Recently, SARS-CoV-2 has been shown to penetrate the body through the angiotensin-2-converting enzyme (ACE2) [4, 5]. The presence of the ACE2 enzyme has been demonstrated in many tissues, namely the alveoli, heart, kidneys, testicles, and adipose tissue, and a small amount of this enzyme dissolves in circulating blood and is not bound to tissues [6]. Most of this ACE2 enzyme has been shown to be associated with type II pneumocytes of the alveoli located very close to the capillaries of the pulmonary artery. These cells are responsible for the synthesis of surfactant, which facilitates gas exchange [7]. The virus enters the alveoli most easily during inhalation, multiplies here and causes the known clinical symptoms of COVID-19 such as coughing, dyspnea and fever. Studies of the coronavirus that caused SARS in 20022003 have shown that this virus with a slightly lower infectivity but causing higher mortality also penetrated the body via the ACE2 enzyme. In experimental animals genetically deprived of the ACE2 enzyme after exposure to SARS, the amount of SARS in lung tissue was 100 000 times lower than in animals with normal ACE2 activity [8]. The combination of the virus with the ACE2 receptor reduces the activity of this enzyme and then ACE1 increases the concentration of angiotensin II [9]. Mortality in infected patients (not including asymptomatic patients) is high, ranging from 5.6 to 15.2%, and is higher in the elderly and men [10].

Stimulation of the reninangiotensinaldosterone system plays an important role in acute respiratory failure. High concentration of angiotensin II not only causes hypertension but also has a negative effect on the respiratory system [11]. This compound has been shown to stimulate growth factors [transforming growth factor-B1 (TGF-B1) and connective tissue growth factor (CTGF)], which accelerate fibroblast proliferation in pulmonary tissue and increased synthesis of type I collagen, cause vasoconstriction of pulmonary vessels, and cause oxidative stress. All these factors accelerate pulmonary tissue fibrosis. The action of angiotensin II accelerates apoptosis of alveolar epithelium. The opposite effect is shown by angiotensin 17 produced by ACE2 [12–14]. It inhibits the apoptosis of alveolar epithelial cells and acts antifibrinolytically. This has been shown in mouse experiments, among others, that ACE2 plays an important protective role and reduces the symptoms of acute pulmonary failure. In experimental animals, acute endotoxin-induced lung injury was triggered and sepsis-related lung injury was studied. In those animals that were deprived of the ACE2 gene (ACE2 KO), the symptoms of acute lung failure increased faster, increased blood vessel permeability and inflammatory cell infiltration appeared. Pulmonary edema was increasing [15]. Subsequent studies have confirmed that the administration of recombinant ACE2 at a dose of 400 µg/kg to dormant and underoxygenated animals resulted in a decrease in pulmonary artery pressure, and partial oxygen pressure increased significantly [16]. The expression of ACE2 is greater in young people and women [17].

Zambelli et al. induced acute respiratory distress syndrome (ARDS) in rats by inhalation of hydrochloric acid [12]. Angiotensin 17 infusion of 300 µ/kg/day reduced white blood cells in bronchial lavage (BAL) — and significantly increased oxygenation (PaO2/FiO2). Prolonged administration of angiotensin 17 prevented lung fibrosis which appears after ARDS. Similar conclusions were reached by Imai et al., who demonstrated the protective effect of recombinant ACE2 on the development of acute lung failure in mice [14]. In these mice they caused acute lung injury. In those animals that had previously received an infusion of angiotensin 17, the inflammatory lesions of lung tissue were much smaller. Therefore, ACE2 plays two opposing roles. On the one hand, it allows the SARS-Cov-2 virus to penetrate the body, and on the other hand, it protects against lung tissue injury. The results of experimental studies have encouraged attempts to administer recombinant ACE 2 in people with pneumonia, especially in the course of ARDS so often leading to death, and in patients with COVID-19. So far, only one study has been presented in which recombinant ACE2 infusion was administered intravenously to patients with ARDS [18]. The administered compound turned out to be safe, caused an increase in angiotensin 17 and surfactant and a tendency to reduce interleukin 6. However, no reduction in the symptoms of acute lung injury was shown, and in particular, the value of PaO2/FiO2 did not change. In order to evaluate the effectiveness of recombinant ACE2 treatment in SARS-infected patients, a pilot clinical trial was started, code-named NCT 0428768. The high value of the ratio of angiotensin II (ACE2/angiotensin II) also reduces the risk of developing heart failure and prolongs the life of patients with this disease [19]. Research results show that the ACE2 enzyme plays two roles in SARS-CoV-2 infection: this enzyme is necessary for infection with this virus; on the other hand, the low activity of this enzyme in lung injury contributes to the rapid progression of the disease. Is hypertension, in the light of recent studies, more common in patients with COVID-19 than in the general population?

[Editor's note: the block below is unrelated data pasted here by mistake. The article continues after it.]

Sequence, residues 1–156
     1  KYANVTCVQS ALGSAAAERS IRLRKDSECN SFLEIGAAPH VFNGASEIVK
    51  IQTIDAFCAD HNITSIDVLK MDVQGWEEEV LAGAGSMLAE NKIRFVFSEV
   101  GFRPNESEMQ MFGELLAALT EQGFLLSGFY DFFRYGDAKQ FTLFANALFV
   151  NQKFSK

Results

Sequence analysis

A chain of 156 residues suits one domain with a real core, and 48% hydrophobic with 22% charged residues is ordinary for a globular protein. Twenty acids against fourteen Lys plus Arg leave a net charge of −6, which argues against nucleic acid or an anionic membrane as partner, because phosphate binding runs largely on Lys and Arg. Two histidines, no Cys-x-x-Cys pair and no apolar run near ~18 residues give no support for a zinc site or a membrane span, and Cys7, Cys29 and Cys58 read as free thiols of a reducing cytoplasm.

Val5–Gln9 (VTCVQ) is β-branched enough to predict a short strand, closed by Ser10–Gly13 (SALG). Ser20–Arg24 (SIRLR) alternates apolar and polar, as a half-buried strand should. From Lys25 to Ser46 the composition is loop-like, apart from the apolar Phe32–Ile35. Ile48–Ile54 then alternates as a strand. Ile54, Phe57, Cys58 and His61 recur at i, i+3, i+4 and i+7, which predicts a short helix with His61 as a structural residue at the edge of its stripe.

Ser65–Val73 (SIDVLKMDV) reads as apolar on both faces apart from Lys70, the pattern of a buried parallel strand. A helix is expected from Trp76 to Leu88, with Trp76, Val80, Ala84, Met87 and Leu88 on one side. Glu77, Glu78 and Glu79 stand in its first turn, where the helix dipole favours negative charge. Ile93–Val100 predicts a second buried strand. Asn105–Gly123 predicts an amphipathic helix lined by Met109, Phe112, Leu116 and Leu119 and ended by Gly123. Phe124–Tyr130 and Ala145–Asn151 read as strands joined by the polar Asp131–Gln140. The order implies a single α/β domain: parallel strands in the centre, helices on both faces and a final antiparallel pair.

According to preliminary studies, arterial hypertension is one of the common so-called coexisting diseases (as well as chronic obstructive pulmonary disease, diabetes, cancer) in coronavirus-infected patients. First of all, it is worth considering how frequent are the co-existing diseases in the population not infected with the SARS virus. In the United States, after examining more than 440 000 adults, it turned out that 45.5% of people have at least one of the abovementioned diseases [20]. In 28% of the subjects it was one disease, in 12% two diseases, in 4.7 subjects 3 diseases and in 2% of them 4 or more diseases were found to coexist. As a single condition, hypertension was the most common (32.4%). In 19.8% of young people, at least one disease was reported, and in 80.7% of people aged 80 and over.